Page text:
Modern history


The League of Nations

ON JANUARY 25, the peace conference formally approved the setting up of a commission on the League of Nations. A couple of the younger members of the American delegation thought it would make a wonderful inspirational film. They would show, they thought, the old diplomacy doing its evil work. Animated maps would illustrate how the seeds of war had been sown in the past: the secret alliances, the unjust wars, the conferences at which the old, selfish European powers drew arbitrary lines on the maps. The Paris Peace Conference and the League would shine out in “bold contrast.” The film would also, they were sure, make lots of money.1

It is hard today to imagine that such a project could have been taken seriously. Only a handful of eccentric historians still bother to study the League of Nations. Its archives, with their wealth of materials, are largely unvisited. Its very name evokes images of earnest bureaucrats, fuzzy liberal supporters, futile resolutions, unproductive fact-finding missions and, above all, failure: Manchuria in 1931, Ethiopia in 1935 and, most catastrophic of all, the outbreak of the Second World War a mere twenty years after the first one had ended. The dynamic leaders of the interwar years— Mussolini, Hitler, the Japanese militarists—sneered at the League and ultimately turned their backs on it. Its chief supporters—Britain, France and the smaller democracies—were lukewarm and flaccid. The Soviet Union joined only because Stalin could not, at the time, think of a better alternative. The United States never managed to join at all. So great was the taint of failure that when the powers contemplated a permanent association of nations during the Second World War, they decided to set up a completely new United Nations. The League was officially pronounced dead in 1946. It had ceased to count at all in 1939.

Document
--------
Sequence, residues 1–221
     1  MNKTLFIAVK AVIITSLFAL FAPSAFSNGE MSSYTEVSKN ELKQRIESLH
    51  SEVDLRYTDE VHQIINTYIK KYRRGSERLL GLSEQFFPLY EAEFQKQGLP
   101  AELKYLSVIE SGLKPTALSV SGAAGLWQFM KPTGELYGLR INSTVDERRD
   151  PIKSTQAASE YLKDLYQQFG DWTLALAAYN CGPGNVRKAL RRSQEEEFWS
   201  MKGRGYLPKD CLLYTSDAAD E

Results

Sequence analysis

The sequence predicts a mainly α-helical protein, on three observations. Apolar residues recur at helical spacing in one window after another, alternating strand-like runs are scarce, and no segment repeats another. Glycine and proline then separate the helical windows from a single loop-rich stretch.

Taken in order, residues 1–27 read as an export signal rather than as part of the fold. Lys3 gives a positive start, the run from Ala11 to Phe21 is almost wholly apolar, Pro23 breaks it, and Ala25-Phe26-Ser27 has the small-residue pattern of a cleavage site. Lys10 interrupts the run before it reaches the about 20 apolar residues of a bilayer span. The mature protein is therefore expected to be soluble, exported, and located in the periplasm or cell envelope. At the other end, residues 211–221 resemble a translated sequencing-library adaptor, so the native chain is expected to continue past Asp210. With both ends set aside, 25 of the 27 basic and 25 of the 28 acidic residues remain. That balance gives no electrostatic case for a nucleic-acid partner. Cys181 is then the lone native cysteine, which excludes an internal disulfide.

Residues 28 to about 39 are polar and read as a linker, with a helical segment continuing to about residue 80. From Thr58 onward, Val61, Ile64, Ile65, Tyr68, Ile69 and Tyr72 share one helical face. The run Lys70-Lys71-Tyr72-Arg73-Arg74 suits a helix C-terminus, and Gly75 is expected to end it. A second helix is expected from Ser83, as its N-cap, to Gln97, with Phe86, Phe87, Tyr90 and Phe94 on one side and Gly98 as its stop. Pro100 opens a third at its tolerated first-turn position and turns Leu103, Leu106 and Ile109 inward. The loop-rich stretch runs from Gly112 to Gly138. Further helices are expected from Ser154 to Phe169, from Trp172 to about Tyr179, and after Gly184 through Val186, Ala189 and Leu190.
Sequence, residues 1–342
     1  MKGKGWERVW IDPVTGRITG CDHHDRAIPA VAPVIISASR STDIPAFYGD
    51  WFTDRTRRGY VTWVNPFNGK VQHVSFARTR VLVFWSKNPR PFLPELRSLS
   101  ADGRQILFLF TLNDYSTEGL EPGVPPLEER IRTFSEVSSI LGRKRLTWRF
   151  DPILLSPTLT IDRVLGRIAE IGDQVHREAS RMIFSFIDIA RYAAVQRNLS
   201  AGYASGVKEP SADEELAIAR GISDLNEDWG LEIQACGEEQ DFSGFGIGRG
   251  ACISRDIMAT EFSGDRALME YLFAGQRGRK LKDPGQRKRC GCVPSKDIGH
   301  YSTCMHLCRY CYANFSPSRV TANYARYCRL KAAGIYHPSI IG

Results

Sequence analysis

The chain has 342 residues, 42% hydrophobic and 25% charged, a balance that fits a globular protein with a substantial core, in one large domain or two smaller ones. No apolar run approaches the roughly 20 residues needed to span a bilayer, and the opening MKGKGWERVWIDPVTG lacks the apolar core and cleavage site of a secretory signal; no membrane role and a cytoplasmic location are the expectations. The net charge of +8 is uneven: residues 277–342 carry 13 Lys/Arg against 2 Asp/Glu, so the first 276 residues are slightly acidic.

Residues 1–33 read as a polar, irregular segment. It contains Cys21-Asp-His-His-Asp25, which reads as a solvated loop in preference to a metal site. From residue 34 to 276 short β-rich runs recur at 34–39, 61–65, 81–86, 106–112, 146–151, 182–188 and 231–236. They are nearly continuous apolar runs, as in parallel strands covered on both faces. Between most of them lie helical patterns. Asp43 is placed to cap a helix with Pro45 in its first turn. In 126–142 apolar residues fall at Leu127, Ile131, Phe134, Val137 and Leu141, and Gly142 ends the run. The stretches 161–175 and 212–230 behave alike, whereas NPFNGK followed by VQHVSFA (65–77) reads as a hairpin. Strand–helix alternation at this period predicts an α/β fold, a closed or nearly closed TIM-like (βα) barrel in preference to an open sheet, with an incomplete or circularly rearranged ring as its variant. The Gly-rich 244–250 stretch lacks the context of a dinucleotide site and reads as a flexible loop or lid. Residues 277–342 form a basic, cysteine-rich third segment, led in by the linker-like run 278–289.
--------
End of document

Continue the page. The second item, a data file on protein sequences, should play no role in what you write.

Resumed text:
At its last assembly, Lord Robert Cecil, who had been there at its creation, asked, “Is it true that all our efforts for those twenty years have been thrown away?” He answered his own question bravely: “For the first time an organisation was constructed, in essence universal, not to protect the national interest of this or that country . . . but to abolish war.” The League had been, he concluded, “a great experiment.” It had put into concrete form the dreams and hopes of all those who had worked for peace through the centuries. It had left its legacy in the widespread acceptance of the idea that the nations of the world could and must work together for the collective security of them all. “The League is dead: Long live the United Nations!”2